Washington DC – On Equal Pay Day and the first day of the National Restaurant Association (NRA)’s Public Affairs Conference, ROC United, restaurant workers and supporters traveled to the NRA headquarters to “Protest Like It’s 1991,” calling attention to the fact that the federal subminimum wage rate for tipped workers of $2.13 has not been raised since 1991. This stagnant subminimum wage has resulted in alarming rates of poverty among tipped workers, the majority of whom are women.
While Speaker of the House John Boehner gave a speech at the NRA conference, servers and other restaurant workers earning the federal tipped minimum wage, activists with ROC, and other supporters danced and sang in flash mob style to a 1991 re-written hit from 90s-era R&B band Boyz II Men; the lyrics focused on the tipped minimum wage and gender discrimination in the restaurant industry. Meanwhile, oversized floating banners circled NRA headquarters with the message, “The National Restaurant Association Thinks Women Are Worth $2.13.”
“Women are disproportionately affected by the low tipped minimum wage,” said Kristin Rowe-Finkbeiner, MomsRising CEO and Executive Director. “The vast majority of restaurant servers are women and in many cases those women are moms and the primary breadwinners in their families. It’s difficult enough to support a family on a single income today, but when you’re earning only $2.13 an hour and rely heavily on tips to make ends meet, it can be nearly impossible to keep your head above water financially. The irony is that these same moms who earn their living serving food often don’t earn enough to put food on the table, make the rent and cover the utilities.”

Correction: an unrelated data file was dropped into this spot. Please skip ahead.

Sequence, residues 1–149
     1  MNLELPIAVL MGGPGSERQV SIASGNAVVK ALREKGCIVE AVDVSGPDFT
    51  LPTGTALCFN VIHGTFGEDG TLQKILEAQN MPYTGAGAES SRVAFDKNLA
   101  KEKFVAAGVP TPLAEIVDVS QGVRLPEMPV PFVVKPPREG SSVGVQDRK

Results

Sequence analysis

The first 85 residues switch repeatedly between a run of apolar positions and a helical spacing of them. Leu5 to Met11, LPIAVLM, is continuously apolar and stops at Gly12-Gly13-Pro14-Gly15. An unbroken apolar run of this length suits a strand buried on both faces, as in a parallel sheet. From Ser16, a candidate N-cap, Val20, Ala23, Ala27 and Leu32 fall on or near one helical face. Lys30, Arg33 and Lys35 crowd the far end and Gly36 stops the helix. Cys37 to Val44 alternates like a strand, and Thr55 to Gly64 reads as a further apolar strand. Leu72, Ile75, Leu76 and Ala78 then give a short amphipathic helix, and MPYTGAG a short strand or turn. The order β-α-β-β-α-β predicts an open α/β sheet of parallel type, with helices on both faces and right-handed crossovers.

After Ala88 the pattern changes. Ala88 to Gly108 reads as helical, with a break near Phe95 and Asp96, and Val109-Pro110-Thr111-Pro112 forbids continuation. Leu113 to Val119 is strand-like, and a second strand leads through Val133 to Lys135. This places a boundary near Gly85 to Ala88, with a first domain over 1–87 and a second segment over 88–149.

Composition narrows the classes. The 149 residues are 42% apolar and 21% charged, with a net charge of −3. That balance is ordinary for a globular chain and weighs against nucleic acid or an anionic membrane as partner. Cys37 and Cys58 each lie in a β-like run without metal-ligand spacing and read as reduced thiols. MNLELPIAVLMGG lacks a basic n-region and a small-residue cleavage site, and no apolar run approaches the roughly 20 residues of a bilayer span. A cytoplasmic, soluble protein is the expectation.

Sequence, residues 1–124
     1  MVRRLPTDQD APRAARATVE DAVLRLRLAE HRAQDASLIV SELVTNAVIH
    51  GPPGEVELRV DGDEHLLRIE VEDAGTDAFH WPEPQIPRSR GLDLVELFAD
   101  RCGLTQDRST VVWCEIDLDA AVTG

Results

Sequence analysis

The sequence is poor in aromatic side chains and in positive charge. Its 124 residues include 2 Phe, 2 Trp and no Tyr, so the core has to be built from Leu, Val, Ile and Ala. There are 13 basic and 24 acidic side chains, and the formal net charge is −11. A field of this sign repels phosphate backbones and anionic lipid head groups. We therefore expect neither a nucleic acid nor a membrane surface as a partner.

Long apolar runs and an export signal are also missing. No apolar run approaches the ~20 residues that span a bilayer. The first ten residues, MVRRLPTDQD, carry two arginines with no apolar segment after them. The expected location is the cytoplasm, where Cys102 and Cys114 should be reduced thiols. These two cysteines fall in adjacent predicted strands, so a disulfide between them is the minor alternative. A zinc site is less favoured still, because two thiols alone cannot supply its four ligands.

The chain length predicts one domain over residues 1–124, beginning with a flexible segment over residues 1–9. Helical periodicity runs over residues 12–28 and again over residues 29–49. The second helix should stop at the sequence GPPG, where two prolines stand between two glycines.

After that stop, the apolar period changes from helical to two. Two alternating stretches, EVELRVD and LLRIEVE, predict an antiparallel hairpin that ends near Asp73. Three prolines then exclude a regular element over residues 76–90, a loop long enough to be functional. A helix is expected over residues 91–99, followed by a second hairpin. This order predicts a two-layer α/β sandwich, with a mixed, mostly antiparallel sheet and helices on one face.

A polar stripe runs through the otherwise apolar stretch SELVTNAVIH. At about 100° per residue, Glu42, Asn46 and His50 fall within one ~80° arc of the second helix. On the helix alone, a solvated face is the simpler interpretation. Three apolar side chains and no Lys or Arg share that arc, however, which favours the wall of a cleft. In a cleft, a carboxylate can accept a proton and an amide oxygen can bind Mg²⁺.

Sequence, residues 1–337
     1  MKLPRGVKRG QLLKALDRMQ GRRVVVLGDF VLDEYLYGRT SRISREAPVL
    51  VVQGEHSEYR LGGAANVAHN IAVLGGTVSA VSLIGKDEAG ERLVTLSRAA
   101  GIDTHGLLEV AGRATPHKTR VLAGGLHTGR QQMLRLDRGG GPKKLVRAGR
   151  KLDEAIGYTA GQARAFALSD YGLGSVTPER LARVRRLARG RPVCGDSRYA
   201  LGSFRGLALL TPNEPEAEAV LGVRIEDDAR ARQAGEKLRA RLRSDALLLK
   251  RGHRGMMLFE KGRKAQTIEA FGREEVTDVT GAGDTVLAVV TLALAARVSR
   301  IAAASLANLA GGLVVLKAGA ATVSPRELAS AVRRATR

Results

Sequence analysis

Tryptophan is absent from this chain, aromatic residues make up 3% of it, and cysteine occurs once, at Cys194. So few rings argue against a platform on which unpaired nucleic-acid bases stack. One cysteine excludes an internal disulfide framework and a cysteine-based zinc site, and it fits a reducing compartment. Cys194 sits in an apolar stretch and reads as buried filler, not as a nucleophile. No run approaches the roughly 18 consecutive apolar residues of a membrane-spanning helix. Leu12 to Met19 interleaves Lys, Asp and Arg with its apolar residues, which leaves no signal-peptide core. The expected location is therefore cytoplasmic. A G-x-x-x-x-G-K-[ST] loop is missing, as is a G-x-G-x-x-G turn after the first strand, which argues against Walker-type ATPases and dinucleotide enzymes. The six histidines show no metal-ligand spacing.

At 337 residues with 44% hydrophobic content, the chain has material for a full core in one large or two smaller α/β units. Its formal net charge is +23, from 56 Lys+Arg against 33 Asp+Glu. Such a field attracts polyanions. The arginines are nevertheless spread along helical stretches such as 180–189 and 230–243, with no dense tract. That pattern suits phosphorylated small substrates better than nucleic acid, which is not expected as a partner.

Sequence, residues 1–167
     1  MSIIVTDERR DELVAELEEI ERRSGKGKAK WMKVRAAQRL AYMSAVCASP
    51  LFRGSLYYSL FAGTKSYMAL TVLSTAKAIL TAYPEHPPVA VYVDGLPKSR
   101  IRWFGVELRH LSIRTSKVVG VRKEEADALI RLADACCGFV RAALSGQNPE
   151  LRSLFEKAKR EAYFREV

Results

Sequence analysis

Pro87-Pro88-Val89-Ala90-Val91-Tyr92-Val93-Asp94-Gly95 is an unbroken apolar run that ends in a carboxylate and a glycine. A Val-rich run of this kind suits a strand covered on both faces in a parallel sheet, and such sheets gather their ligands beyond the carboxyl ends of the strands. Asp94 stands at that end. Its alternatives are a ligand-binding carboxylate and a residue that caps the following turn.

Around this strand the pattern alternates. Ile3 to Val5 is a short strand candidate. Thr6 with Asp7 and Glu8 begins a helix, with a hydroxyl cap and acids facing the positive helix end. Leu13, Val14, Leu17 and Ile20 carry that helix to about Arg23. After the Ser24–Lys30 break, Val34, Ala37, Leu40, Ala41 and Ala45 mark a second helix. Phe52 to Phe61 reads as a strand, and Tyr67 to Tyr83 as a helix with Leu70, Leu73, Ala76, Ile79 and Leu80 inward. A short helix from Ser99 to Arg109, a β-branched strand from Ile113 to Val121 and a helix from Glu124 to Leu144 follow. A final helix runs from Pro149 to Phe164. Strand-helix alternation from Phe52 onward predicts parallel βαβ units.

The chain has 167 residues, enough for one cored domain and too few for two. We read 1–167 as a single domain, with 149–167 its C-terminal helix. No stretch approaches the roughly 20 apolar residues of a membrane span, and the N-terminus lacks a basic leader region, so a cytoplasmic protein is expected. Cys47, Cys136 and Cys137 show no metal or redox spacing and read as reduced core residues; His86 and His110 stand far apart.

This event comes just a few weeks after Sen. Tom Harkin introduced legislation in Congress which would raise the tipped minimum wage for the first time in over twenty years. Both Speaker Boehner and the NRA oppose this legislation. In light of the proposed legislation and the W.A.G.E.S. Act (HR 631), ROC and its members organized a second protest on Capitol Hill, shadowing NRA members as they lobbied against better wages for women and working families.
As revealed in our recent report Tipped Over the Edge, servers, over 70% of whom are women, have three times the poverty rate of the rest of the United States workforce, and more than half of all restaurant workers live below the federal poverty line for a family of three.
“In what is one of our fastest-growing industries coming out of the recession, we should really ensure that the men and women who serve us and prepare our food are earning wages that keep them out of poverty,” said Saru Jayaraman, Co-Director of ROC. “It’s absurd that the minimum wage has remained unchanged for over twenty years despite the massive profits the industry earns. We’re here to tell our legislators: it’s time to change the wage.”
Victoria Burton, a member of ROC-Philadelphia and restaurant server for over 18 years in Pennsylvania, said, “I serve families food for a living, but there were times I had to use food stamps to feed my own family. Even though I worked hard year after year, as a single parent of two children relying solely on my tips to survive, the only way I was able to have a roof over my head and feed my children was with additional support from my parents and the government.”
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